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    National Capacity for Export Growth


    © International Trade Centre, International Trade Forum - Issue 4/1999

    During the Third WTO Ministerial Conference (Seattle, 30 November - 3 December 1999), U.S. President Clinton invited the heads of several multilateral organizations to share views on what their agencies could do to support the least developed countries in building national capacity to take advantage of trade liberalization. The following summarizes the views expressed by J. Denis Bélisle, Executive Director of ITC.

    Apart from major supply side difficulties - which can only be resolved over time and with substantial investment - ITC believes that practical, targeted technical assistance aimed at small and medium-sized exporting firms can have a substantial impact. Such technical assistance should focus on three areas:

    • Ensuring that the business community in developing countries understands WTO rules and national rights and obligations under these rules;

    • Formulating national export strategies;

    • Sharpening national export capabilities and skills.

    Understanding WTO rules

    Expertise in WTO rules is very scarce in developing countries, especially in LDCs. It is found here and there in government, business associations and academia. It needs to be harnessed systematically. To succeed in harnessing, developing and sustaining it, we have to go well beyond the pattern of typical two-day seminars conducted by international experts. ITC is presently piloting an approach which will create and train national networks of expertise from all stakeholder sectors by:

    • training and promoting an active dialogue among national experts and advisors from the public sector, business and academia;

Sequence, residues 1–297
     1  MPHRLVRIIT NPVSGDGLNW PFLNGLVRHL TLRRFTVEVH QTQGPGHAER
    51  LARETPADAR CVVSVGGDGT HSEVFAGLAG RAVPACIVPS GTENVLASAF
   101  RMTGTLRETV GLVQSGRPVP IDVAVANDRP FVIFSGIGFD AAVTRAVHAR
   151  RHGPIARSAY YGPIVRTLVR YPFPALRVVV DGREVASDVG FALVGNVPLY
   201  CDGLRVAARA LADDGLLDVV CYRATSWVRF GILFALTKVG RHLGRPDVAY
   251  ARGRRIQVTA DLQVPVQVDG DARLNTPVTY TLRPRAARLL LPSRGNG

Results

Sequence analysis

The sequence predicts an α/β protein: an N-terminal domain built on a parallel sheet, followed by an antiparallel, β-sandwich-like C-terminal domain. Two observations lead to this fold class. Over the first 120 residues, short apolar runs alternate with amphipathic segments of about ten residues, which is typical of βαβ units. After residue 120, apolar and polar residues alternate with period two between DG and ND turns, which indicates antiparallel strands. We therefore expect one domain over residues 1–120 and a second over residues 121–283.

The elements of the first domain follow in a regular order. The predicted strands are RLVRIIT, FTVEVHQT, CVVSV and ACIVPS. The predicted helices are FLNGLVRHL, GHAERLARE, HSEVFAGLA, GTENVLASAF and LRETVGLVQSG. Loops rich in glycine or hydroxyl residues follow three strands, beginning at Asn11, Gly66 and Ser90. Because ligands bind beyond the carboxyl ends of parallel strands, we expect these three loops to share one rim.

• helping them organize themselves into national and regional networks, and using the Internet to build links among themselves, and with WTO and ITC;

    • using technology to support them with practical reference and training materials such as the Business Guide to the World Trading System;

    • training these experts to train others in the understanding of WTO rules among national business executives and government officials.

    ITC is currently undertaking such activities in collaboration with WTO and UNCTAD in eight African countries (see Forum 2/99 for information on the Joint Integrated Programme for Technical Assistance). In early 2000, ITC will launch a far-reaching programme for additional developing countries called "World Tra@de Net". Preliminary discussions are underway with the World Bank Institute to benefit from their distance learning programme in this context.

    National export strategies

    For developing countries to really benefit from the WTO rules, the implications of the rules have to be linked to specific products and markets. This means that the public and private sectors need to work jointly to develop national export strategies that take advantage of the new trading system and put products into markets.

    Developing countries need coaching to do this effectively. ITC recently conducted a three-day workshop in Annecy, France, on this subject, where representatives of trade promotion organizations from 22 countries discussed what works and what does not in terms of export strategies. Developing country participants clearly indicated their needs and hopes for technical assistance in this area.

    Export skills

    Finally, exporters require training in such areas as improving competitiveness, quality management, packaging, legal

    aspects of international trade, human resource development, product diversification and marketing, and using trade information effectively. This is what ITC has been doing for over 35 years. We believe that this type of practical national capacity building is required more than ever before. The bottleneck is finding financial resources to do the job.

    Understanding of the WTO rules, formulation of national export strategies and enhancement of exporting skills are the three areas where the need for national capacity building is most critical. ITC believes that addressing these areas presents the most promising opportunities for increased exports and job creation in developing countries.